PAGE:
Pro-bailout parties in Greece to attempt to form coalition


Parties committed to Greece's bailout were on course to secure a parliamentary majority tonight and the radical leftists who had vied for first place conceded defeat in an election that could keep the debt-laden country in the euro zone.

An official projection released by the interior ministry showed conservative New Democracy taking 30.1 per cent, with the radical leftist Syriza bloc just behind on 27.1 per cent.

The Pasok socialists were set to take 12.6 per cent of the vote. Because of a 50-seat bonus given to the party which comes first, that result would give New Democracy and Pasok 163 seats in the 300-seat parliament, in an alliance committed to a €130 billion EU-IMF bailout keeping the country from bankruptcy.

"I am relieved," smiling New Democracy leader Antonis Samaras said, leaving his office to joyous chants from supporters.

"I am relieved for Greece and Europe. As soon as possible we will form a government."

Mr Samaras said in a speech that the country would honour its commitments to its euro zone partners.

"The Greek people voted today to stay on the European course and remain in the euro zone... there will be no more adventures, Greece's place in Europe will not be put in doubt," he said.

Syriza leader Alexis Tsipras, a 37-year-old former communist who has shot from obscurity to global celebrity in a matter of weeks, called Mr Samaras to concede defeat, a Syriza spokesman said.

The result, however, exposed a deeply divided society, and could leave an emboldened Syriza leading new protests against a coalition governing with significantly less than 50 per cent of the electorate's support.

Pasok leader Evangelos Venizelos called for a government that would include Syriza, but the radicals ruled out joining a coalition that would stick to the punishing bailout terms that have helped condemn Greece to five years of record recession.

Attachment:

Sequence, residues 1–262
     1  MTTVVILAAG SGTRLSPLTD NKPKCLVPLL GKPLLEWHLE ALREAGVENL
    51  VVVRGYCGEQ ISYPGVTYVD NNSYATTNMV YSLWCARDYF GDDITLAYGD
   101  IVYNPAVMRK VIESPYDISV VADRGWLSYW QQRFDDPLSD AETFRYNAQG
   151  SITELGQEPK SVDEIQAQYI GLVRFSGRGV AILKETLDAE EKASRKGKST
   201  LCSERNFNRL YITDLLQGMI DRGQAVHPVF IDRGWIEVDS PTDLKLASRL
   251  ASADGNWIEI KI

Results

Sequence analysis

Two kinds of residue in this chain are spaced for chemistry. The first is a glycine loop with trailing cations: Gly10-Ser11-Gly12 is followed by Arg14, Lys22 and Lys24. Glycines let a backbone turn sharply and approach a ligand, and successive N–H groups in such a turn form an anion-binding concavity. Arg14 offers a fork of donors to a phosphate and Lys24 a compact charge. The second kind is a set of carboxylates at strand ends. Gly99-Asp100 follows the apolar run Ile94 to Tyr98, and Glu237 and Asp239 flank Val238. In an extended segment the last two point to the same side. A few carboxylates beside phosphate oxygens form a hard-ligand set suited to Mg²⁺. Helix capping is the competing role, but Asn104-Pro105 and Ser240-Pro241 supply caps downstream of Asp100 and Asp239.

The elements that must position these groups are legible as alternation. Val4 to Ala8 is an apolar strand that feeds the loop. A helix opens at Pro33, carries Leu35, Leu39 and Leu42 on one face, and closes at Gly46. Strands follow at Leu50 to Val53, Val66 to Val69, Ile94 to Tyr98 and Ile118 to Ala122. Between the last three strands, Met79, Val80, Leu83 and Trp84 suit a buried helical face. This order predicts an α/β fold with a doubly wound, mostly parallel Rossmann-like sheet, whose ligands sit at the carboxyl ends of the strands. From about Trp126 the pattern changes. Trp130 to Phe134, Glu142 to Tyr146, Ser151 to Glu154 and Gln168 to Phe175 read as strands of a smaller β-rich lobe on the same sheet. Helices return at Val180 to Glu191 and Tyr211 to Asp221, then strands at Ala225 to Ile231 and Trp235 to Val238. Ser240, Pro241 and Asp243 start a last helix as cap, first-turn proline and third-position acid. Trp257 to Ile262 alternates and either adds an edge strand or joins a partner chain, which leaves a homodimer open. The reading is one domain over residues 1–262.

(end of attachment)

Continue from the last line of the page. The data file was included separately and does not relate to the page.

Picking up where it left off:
Mr Tsipras had vowed to tear up the terms, betting that European leaders cannot afford the financial market turmoil that could be unleashed by cutting a member of the euro zone loose.

The projection was based on votes counted on the spot at about 12 per cent of polling stations and sent to the ministry via text message.

It proved highly accurate in an earlier May 6th election, which produced stalemate, though the figures are subject to a margin of error which leaves a degree of uncertainty.

Earlier exit polls produced a similar result to the government projection, giving New Democracy and Pasok 159 seats combined.

Greece's lenders say a new government must accept the conditions of the bailout - on top of a €110 billion package in 2010 - or funds will be cut off, driving Athens into bankruptcy.

A Greek euro exit has the potential to unleash shocks that could even break up Europe's single currency and plunge the global economy into chaos.

The result will dominate a meeting of the Group of 20 world economic powers in Mexico tomorrow.

Central banks from major economies stand ready to take steps, including coordinated action, to stabilise markets if the election triggers a financial storm or public panic, G20 sources said last week.

They may well not be needed. The euro hit a three-week high against the US dollar, rising to around $1.2730 in early Australasian trade, from around $1.2655 late in New York on Friday.

"What stands out is how close Syriza came... so we expect some robust opposition to the austerity measures," said Daragh Maher, currency strategist at HSBC in London.